The term “fake news” has certainly gained currency ever since Donald Trump’s liberal use of the term to challenge anyone who disagrees with his world view. Singapore has also seemingly been caught up in the “fake news” whirlwind as the government initiates ways to combat “fake news” with proposed legislation and of course, let’s not forget the Select Committee on Fake News held earlier this year.
While I am not debating the fact that some news are indeed irresponsible and false, my concern is that the label can be misused by authority figures and large corporations to simply disregard anything that they do not like. At the end of the day, it is important to remember that certain issues are subjective and open to interpretation. Will something be considered “fake” just because someone in power interprets things differently?
Let’s take a look at how the Land Transport Authority (LTA) has labelled complaints that the the enhanced security screening trials held at Little India and Bedok stations took up a long time and caused massive queues as “fake news”. Surely whether or not something takes a long time is subjective? To a person who is not in a rush, a 15 minute wait time might not be considered long. However to a harried person rushing to work, 15 minutes could mean a sharp reprimand from their boss. If the latter person considers 15 minutes long, is that considered “fake news”? What is the LTA’s benchmark for calling the complaints “fake”?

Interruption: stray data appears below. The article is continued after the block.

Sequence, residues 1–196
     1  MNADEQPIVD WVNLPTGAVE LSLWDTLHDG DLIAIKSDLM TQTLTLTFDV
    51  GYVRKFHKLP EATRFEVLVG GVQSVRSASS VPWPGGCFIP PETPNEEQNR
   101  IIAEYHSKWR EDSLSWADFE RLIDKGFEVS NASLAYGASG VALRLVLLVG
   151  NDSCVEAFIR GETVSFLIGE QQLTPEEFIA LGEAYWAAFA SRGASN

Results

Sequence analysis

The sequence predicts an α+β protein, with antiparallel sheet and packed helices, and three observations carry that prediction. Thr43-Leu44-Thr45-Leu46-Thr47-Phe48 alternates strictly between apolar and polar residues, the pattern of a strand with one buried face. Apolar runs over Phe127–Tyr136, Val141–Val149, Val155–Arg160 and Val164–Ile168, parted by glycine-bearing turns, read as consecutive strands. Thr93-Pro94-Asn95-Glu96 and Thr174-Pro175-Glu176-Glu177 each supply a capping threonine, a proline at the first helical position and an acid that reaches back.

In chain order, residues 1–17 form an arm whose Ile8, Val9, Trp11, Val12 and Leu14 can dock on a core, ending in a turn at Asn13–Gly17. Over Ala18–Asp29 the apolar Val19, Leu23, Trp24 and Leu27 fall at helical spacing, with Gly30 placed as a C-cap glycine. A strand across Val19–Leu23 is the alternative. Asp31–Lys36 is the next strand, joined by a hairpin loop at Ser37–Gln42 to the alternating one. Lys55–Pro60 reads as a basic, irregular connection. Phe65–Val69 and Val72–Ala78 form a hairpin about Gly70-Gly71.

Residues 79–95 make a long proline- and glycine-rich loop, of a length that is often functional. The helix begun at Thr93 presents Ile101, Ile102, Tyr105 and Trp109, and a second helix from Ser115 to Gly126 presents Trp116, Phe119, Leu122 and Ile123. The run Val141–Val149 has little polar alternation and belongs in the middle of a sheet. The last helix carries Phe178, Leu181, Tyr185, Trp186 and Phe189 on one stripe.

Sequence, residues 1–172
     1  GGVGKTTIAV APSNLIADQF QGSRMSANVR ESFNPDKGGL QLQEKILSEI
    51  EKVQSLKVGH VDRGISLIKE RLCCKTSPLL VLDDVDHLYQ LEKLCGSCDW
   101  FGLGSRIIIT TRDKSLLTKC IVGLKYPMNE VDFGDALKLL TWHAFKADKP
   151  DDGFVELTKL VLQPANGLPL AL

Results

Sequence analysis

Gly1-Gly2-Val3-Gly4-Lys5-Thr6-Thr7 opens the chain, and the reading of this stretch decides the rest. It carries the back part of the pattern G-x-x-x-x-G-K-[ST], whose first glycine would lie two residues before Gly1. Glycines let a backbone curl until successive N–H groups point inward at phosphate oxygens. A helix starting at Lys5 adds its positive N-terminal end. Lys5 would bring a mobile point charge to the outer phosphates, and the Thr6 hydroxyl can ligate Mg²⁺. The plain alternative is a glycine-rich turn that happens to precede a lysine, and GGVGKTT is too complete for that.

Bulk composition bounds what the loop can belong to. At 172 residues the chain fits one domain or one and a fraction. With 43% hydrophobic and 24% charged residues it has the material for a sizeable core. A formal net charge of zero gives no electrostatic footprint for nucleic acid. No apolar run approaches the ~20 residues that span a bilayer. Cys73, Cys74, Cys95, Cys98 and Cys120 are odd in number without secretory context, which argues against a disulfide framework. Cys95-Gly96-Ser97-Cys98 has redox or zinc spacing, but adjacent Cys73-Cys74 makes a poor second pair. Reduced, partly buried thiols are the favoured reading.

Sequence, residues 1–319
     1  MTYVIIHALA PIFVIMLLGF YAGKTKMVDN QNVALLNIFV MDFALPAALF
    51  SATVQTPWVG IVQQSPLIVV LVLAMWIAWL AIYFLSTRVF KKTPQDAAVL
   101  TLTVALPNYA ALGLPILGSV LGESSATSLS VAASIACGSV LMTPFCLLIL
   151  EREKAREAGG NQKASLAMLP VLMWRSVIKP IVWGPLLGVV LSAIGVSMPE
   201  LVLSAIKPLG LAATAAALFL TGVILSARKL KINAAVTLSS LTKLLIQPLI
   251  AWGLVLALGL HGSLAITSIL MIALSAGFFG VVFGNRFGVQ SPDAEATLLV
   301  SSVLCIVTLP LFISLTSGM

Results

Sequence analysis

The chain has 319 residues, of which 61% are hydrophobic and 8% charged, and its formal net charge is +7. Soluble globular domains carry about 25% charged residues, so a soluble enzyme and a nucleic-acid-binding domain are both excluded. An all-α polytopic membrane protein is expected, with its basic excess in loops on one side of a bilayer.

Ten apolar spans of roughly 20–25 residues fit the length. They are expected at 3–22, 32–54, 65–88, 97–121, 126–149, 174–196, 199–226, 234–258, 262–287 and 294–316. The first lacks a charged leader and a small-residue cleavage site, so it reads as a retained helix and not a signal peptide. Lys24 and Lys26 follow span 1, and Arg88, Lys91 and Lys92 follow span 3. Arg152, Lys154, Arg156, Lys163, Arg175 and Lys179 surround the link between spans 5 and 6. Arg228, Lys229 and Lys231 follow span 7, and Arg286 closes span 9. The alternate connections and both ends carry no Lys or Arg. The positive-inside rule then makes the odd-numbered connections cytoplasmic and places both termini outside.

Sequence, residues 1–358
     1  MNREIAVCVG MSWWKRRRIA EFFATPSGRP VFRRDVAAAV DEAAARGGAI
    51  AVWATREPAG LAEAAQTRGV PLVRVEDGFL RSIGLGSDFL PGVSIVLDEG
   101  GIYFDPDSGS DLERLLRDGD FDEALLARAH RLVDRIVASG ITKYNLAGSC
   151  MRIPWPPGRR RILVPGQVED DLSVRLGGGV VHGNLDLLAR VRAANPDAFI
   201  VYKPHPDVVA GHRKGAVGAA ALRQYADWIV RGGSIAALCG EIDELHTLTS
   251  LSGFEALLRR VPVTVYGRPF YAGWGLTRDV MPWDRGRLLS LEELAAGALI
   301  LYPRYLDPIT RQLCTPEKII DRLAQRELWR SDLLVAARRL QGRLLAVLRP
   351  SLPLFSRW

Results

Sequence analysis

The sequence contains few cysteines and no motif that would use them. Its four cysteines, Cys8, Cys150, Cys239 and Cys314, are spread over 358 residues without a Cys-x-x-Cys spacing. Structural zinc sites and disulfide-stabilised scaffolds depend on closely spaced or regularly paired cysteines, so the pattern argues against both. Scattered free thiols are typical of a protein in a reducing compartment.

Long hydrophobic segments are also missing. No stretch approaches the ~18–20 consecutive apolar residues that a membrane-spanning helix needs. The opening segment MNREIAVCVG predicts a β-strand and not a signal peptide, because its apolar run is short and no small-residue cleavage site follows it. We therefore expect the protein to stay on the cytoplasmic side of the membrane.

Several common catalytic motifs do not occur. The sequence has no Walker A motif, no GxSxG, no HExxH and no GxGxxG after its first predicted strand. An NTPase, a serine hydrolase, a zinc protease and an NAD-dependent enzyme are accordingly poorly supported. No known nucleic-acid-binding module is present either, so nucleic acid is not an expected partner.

The same theory applies to the term “massive queues”. The problem with the term “fake news” is that it can often be misused to label subjective opinions with objective standards. Invariably, it will be those in power who set objective standards for what is essentially open to opinion. Isn’t that a form of repression? In other words, telling you what to think?
Certain things will, of course, be factual. For instance, I cannot say that someone has said something publicly if they have not. But on issues such as whether or not a wait time was long or whether a queue was massive is definitely open to interpretation. I would, therefore, question the use of the term “fake news” for expressing an opinion. It would have been more appropriate for LTA to state the actual waiting times and perhaps publish some photos on the length of the queues to dispel complaints. “Fake news” is not quite the right label in this instance.
However, the term is now so liberally used that the danger of misuse is heightened. Let’s be mindful of this.